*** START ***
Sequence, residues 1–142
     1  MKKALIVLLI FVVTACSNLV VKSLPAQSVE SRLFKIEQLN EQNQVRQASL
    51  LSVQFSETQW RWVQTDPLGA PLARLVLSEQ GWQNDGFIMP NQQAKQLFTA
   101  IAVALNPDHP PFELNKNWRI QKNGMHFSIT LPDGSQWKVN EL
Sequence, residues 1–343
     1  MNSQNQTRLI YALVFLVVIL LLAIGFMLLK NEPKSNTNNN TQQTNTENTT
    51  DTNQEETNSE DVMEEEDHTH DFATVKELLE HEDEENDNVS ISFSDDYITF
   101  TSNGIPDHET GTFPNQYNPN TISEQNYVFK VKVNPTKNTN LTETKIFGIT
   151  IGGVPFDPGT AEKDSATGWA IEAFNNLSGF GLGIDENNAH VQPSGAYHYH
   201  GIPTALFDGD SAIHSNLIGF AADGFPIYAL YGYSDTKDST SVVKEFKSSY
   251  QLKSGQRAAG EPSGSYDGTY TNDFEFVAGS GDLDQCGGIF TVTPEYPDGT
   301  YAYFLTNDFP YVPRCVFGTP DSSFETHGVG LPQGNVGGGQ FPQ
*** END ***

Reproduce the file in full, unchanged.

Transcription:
Sequence, residues 1–142
     1  MKKALIVLLI FVVTACSNLV VKSLPAQSVE SRLFKIEQLN EQNQVRQASL
    51  LSVQFSETQW RWVQTDPLGA PLARLVLSEQ GWQNDGFIMP NQQAKQLFTA
   101  IAVALNPDHP PFELNKNWRI QKNGMHFSIT LPDGSQWKVN EL
Sequence, residues 1–343
     1  MNSQNQTRLI YALVFLVVIL LLAIGFMLLK NEPKSNTNNN TQQTNTENTT
    51  DTNQEETNSE DVMEEEDHTH DFATVKELLE HEDEENDNVS ISFSDDYITF
   101  TSNGIPDHET GTFPNQYNPN TISEQNYVFK VKVNPTKNTN LTETKIFGIT
   151  IGGVPFDPGT AEKDSATGWA IEAFNNLSGF GLGIDENNAH VQPSGAYHYH
   201  GIPTALFDGD SAIHSNLIGF AADGFPIYAL YGYSDTKDST SVVKEFKSSY
   251  QLKSGQRAAG EPSGSYDGTY TNDFEFVAGS GDLDQCGGIF TVTPEYPDGT
   301  YAYFLTNDFP YVPRCVFGTP DSSFETHGVG LPQGNVGGGQ FPQ